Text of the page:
Obama, if Russia for you is the same as Ebola, what do you think you are for the over 150 millions Russians, and for couple of billions outside of it who very much admire Russia.

Kanzlerin Merkel, you are facilitating a new Cold War. When are you going to show respect to the 30 000 000 Soviet citizens, mostly of them Russians, soldiers, women, and children who were murdered in WWII?

When are you going to apologize what you and your government in the name of Germany did in Ukraine by supporting an illegal ousting of the elected president and placing right wing extremists in place instead?



Seeking to reassert American leadership abroad, President Obama challenged world leaders Wednesday to join the United States in confronting a series of crises he described as having created a “pervasive sense of unease” across the globe.

“There is much that must be done to meet the tests of this moment,” Obama said in an address at the annual U.N. General Assembly. He cited the Ebola outbreak in West Africa, Russian aggression in eastern Ukraine and the threats of the Islamic State group in the Middle East.

“We come together at a crossroads between war and peace; between disorder and integration; between fear and hope,” the president declared.

In a 40-minute address that served as the centerpiece of his three-day visit here, Obama delivered a forceful, and at times searing, critique of the threats to international order that he said required collective attention and action from the more than 150 countries assembled at the United Nations. The tone of the remarks contrasted sharply with Obama’s address here last year when he said that “the world is more stable than it was five years ago.”

His appearance on stage Wednesday was also a bid to recruit more nations to actively support a U.S.-led coalition in combating the radical Islamist fighters who have taken control of large swaths of Iraq and Syria.

After the U.N. Security Council unanimously adopted a resolution to prevent fighters from traveling abroad, President Obama said confronting that challenge “cannot be met by one nation alone.” (Reuters)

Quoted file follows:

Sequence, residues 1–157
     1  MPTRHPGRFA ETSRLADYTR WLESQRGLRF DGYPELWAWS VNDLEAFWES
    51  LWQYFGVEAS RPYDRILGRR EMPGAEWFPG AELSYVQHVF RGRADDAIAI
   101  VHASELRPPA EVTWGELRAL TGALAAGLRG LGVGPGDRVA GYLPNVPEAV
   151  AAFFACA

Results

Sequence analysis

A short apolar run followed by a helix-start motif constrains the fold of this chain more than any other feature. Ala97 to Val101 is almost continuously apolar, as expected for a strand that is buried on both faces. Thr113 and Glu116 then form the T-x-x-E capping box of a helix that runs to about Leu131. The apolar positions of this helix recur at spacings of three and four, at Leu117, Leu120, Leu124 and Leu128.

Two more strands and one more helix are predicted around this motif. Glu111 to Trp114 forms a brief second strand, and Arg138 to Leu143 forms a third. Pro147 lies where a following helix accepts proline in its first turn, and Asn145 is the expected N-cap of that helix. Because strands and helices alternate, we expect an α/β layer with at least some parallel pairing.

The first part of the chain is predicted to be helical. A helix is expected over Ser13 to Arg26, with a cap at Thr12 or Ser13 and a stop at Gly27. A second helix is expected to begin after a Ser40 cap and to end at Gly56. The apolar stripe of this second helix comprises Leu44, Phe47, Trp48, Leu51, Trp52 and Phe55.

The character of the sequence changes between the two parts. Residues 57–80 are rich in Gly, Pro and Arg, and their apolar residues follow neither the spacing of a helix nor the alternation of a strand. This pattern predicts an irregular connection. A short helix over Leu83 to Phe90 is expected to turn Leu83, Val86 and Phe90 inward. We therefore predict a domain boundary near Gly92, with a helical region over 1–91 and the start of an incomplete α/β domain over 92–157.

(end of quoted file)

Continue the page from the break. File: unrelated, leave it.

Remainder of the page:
By the afternoon, Obama’s efforts appeared to be paying some dividends, as British Prime Minister David Cameron recalled parliament to vote Friday on a provision to authorize that country to join the U.S. airstrikes in Iraq — with approval looking likely, although the British will not consider participating in strikes in Syria. And the U.N. Security Council, in a rare meeting chaired by Obama, approved a binding resolution that would require member nations to enact laws aimed at preventing their citizens from traveling to foreign countries to join terrorist insurgencies.

The U.S.-drafted measure unanimously approved by the 15-member Security Council was a response to the rapid rise of the Islamic State but applies to those who might travel to join any terror group. It also tells U.N. member states to clamp down on recruitment and funding for terrorist groups.

The resolution strengthens the legal framework for international action in response to the threat posed by foreign fighters, and requires countries to “prevent and suppress recruiting, organizing, transporting, and equipping” of terrorist fighters, and the financing of their travel and activities. It also asks members to do more to cooperate with one another and share criminal or other information where appropriate.

Obama told the council that some 15,000 fighters from more than 80 nations have traveled to Syria and Iraq to join the Islamic State or the al-Qaeda affiliate known as Jabhat al-Nusra. U.S. officials estimate that among that number were 2,000 Europeans and 100 Americans. Fears that they could return to their homelands and perpetrate domestic terrorist attacks spurred Obama to raise the issue to international attention at the summit, aides said.

“Resolutions alone will not be enough,” Obama said after the resolution was adopted. “Promises on paper cannot keep us safe. Lofty rhetoric and good intentions will not stop a single terrorist attack. The words spoken here today must be matched and translated into action. . . . For if there was ever a challenge in our interconnected world that could not be met by one nation alone, it is this: terrorists crossing the border to unleash terrible violence.”

Even as the president was making progress on building the international coalition, he and the other world leaders were reminded of the magnitude of the challenge when an al-Qaeda splinter group revealed that it had beheaded a French citizen in Algeria. France has agreed to assist the U.S. airstrikes in Iraq but not Syria.